The Triangle Aphasia Project Unlimited Helps Hundreds of Triangle Residents and Their Families Find Support, Community Following Brain Injuries
Maura Silverman still remembers what drew her to speech pathology. As an undergraduate student, she watched her former babysitter, a speech pathologist, work with a well-known community leader who had disappeared from the public eye. The man struggled to communicate.
“I remember her saying, ‘He has aphasia. He knows everything he wants to say, but he can’t get it out.’ And the gentlemen shouted, ‘Yes, yes,” Maura recalls. “I knew right then I wanted to help people like this man reconnect to their world.”
Aphasia, a communication disorder that results from damage or injury to the language parts of the brain, affects nearly 2 million Americans. Despite its prevalence, most people have never heard of the condition. In 2003, Maura left her job as a speech-language pathologist to create the Triangle Aphasia Project Unlimited and serve individuals and families affected by aphasia. TAP Unlimited offers support and programming for individuals with aphasia to help them improve their language skills while also providing a sense of community. The organization also offers resources and support for families and friends of those suffering from aphasia.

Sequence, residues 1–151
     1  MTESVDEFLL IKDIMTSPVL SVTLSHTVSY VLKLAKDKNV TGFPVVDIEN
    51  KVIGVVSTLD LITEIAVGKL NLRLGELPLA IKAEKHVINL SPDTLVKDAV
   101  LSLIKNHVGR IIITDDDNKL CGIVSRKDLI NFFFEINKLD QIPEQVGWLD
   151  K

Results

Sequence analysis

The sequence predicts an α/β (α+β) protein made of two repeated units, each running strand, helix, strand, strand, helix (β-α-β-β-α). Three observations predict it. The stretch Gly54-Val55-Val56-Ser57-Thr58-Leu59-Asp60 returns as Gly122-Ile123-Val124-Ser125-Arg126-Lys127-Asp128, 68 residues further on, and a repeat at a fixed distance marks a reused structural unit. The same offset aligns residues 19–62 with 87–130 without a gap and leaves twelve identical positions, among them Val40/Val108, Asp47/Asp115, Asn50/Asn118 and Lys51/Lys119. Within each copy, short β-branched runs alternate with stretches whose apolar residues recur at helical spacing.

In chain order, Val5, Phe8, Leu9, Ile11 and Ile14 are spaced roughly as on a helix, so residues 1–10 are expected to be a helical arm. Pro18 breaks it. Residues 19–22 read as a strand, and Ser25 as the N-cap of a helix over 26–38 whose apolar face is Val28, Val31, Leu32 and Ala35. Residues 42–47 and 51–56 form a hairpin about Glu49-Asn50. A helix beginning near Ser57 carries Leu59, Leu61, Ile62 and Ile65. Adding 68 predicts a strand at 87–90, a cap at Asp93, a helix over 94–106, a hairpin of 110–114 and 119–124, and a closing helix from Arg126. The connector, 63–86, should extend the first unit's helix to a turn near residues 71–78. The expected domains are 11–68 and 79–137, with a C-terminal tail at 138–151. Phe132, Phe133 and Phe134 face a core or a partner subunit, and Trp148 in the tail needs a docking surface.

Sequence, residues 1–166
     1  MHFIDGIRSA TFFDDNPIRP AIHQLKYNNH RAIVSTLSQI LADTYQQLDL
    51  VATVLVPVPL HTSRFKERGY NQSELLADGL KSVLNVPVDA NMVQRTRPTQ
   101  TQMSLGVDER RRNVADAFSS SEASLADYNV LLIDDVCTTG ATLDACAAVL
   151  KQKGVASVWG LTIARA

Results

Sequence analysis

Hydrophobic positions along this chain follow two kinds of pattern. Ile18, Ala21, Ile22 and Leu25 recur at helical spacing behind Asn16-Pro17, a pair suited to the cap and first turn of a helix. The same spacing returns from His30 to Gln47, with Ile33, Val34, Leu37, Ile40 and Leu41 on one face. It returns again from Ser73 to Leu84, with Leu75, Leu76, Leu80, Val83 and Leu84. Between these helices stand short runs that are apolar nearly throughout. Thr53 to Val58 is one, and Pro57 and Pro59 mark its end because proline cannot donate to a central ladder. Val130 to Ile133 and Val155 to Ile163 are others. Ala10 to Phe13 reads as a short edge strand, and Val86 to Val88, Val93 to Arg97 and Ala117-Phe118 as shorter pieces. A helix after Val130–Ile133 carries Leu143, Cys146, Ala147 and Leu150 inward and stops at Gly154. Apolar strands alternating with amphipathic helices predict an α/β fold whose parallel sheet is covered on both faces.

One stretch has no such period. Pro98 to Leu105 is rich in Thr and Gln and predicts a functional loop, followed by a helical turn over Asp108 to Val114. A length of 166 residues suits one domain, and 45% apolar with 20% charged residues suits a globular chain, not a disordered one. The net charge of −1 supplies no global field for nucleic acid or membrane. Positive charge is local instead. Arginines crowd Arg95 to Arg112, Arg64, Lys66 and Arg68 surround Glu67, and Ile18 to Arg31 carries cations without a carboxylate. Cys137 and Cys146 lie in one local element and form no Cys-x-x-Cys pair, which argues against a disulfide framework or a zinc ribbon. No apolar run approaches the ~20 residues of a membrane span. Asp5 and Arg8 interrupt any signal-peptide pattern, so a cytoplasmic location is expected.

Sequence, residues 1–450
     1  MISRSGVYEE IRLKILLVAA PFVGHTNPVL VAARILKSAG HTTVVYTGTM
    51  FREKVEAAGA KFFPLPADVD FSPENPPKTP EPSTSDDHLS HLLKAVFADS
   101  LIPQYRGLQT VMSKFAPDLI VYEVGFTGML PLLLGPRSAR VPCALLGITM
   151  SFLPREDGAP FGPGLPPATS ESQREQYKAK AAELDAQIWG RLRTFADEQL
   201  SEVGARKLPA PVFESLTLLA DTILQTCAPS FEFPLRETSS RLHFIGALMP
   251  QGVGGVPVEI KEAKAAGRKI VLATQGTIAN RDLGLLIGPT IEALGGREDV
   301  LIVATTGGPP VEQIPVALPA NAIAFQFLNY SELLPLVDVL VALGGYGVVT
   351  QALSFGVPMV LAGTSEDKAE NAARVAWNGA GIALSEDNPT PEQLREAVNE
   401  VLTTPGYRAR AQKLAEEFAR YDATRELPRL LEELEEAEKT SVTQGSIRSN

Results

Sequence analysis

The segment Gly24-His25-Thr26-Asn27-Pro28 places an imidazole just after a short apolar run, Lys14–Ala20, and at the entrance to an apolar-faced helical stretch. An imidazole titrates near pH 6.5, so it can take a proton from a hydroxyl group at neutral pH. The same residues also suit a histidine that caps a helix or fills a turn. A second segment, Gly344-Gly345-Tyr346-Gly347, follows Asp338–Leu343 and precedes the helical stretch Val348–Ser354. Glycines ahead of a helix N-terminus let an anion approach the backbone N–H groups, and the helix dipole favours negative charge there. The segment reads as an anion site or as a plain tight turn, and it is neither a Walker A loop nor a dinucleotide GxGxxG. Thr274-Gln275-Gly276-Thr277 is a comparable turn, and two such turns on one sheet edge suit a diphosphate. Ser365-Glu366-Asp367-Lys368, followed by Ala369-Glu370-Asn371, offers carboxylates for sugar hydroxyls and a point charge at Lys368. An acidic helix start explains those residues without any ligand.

“Research has shown that 92 percent of people with aphasia consider themselves socially isolated,” Maura says. “TAP Unlimited offers group sessions where individuals can practice their speech skills with the assistance of SLPs and trained volunteers, as well as book clubs, garden clubs and more.”
Since its inception, TAP Unlimited has worked with hundreds of individuals across the Triangle. Many individuals who once participated in the program come back to serve as volunteers.
“I don’t want people with aphasia to look at this catastrophic thing that happened and say, ‘This is going to define me forever,” Maura explains. “We want to help give them back their lives again.”